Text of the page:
Three KLM-operated 747-400 Combis — the final three in commercial services — will disappear from cargo schedules with the start of the winter season Oct. 25.
Retirement will follow for the widebody trio, KLM Cargo confirmed.
Though the aircraft will no longer be hauling cargo for KLM, the airframes will continue to support the air cargo market as young GE-powered 747s, either as a source of spare parts or conversion feedstock. Reactivations have grown the in-service 747-400 freighter fleet, throttling demand for parts and engines. The CF6 powers not only most 747-400Fs, but also the majority of freighter-converted 767-300Fs.
With few 747-400s converted in recent years, renewed life as a freighter may seem improbable, but at least one conversion house thinks this is increasingly likely amid the pandemic. It has been two years since the last passenger-configured 747 was converted to freighter configuration, but Israel Aerospace Industries (IAI), the only company still offering 747 conversions, remains optimistic that at least one more 747 will be converted. Asiana Airlines surprised the industry in 2017 when it converted two 747-400 Combis from its own fleet to freighter configuration.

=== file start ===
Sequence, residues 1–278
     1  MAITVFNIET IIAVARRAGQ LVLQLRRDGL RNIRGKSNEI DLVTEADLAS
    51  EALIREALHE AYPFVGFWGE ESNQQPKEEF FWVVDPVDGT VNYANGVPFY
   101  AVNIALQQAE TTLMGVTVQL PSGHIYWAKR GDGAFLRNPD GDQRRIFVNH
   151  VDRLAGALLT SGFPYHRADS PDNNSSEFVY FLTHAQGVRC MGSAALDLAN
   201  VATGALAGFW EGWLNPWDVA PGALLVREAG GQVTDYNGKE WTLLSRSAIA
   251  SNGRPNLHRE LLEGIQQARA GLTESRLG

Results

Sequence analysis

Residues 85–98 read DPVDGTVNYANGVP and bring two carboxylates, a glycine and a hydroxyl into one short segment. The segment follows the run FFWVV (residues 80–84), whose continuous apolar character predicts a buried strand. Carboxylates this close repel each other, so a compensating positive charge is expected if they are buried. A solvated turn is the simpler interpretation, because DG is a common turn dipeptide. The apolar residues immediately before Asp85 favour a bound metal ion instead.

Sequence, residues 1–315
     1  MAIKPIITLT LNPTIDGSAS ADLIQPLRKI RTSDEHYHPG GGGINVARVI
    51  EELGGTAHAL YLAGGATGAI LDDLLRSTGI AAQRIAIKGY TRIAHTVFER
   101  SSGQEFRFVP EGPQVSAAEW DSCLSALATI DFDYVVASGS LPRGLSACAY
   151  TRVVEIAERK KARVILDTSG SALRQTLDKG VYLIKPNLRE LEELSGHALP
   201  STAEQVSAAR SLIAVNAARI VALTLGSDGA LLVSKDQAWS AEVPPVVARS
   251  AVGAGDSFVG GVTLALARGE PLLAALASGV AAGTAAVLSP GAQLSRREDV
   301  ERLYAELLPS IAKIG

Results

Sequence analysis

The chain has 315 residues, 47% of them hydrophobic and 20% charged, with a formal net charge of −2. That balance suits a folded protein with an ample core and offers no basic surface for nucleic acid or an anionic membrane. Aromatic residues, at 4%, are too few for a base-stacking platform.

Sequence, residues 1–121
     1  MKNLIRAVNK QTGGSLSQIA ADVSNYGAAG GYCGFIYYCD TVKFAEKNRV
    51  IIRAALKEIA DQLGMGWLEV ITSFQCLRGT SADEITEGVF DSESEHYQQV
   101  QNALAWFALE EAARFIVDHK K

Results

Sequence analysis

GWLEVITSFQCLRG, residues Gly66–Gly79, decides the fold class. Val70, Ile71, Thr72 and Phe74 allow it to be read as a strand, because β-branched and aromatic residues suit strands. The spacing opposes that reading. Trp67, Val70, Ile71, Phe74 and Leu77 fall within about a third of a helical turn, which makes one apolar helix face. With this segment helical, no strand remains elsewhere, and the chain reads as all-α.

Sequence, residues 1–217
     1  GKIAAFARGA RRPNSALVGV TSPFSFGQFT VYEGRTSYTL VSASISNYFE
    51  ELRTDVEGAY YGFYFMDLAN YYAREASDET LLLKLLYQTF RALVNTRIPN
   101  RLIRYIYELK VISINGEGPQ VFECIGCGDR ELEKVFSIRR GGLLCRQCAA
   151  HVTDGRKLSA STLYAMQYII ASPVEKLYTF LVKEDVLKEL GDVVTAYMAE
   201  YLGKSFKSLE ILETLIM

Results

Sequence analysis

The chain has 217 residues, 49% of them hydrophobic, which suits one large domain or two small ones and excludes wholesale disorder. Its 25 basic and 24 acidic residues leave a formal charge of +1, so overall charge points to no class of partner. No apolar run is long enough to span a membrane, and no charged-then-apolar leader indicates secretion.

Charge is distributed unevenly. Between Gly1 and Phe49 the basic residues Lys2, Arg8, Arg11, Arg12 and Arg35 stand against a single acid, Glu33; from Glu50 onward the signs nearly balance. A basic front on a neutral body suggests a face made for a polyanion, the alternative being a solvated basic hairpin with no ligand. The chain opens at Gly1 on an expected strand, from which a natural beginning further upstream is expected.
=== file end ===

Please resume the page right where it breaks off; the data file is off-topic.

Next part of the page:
Compared to a full-freighter conversion, combi-to-freighter conversions are nominally cheaper, and can be completed faster. IAI converted Asiana’s 747 Combis in about 90 days. The KLM units are reasonably young for a 747-400, ranging in age from twenty to twenty-four years old.
Returning to KLM, the scheduled, cargo-only flights that had been operated by the Combis will be reduced, with 777-300ERs replacing the flights that will continue to operate. The Dutch carrier had decided in April to reactivate two Combis for cargo-only flights to China, but ended up bringing three of four back into service (28459, 28460 and 30454). The fourth aircraft (28195) was removed from service in late March and ferried to Mohave (MHV) in May.
Since April, units 28459, 28460 and 30454 have only flown to Beijing (PEK), Shanghai (PVG) and Hong Kong (HKG), with cargo also being carried in the passenger cabin starting in May.
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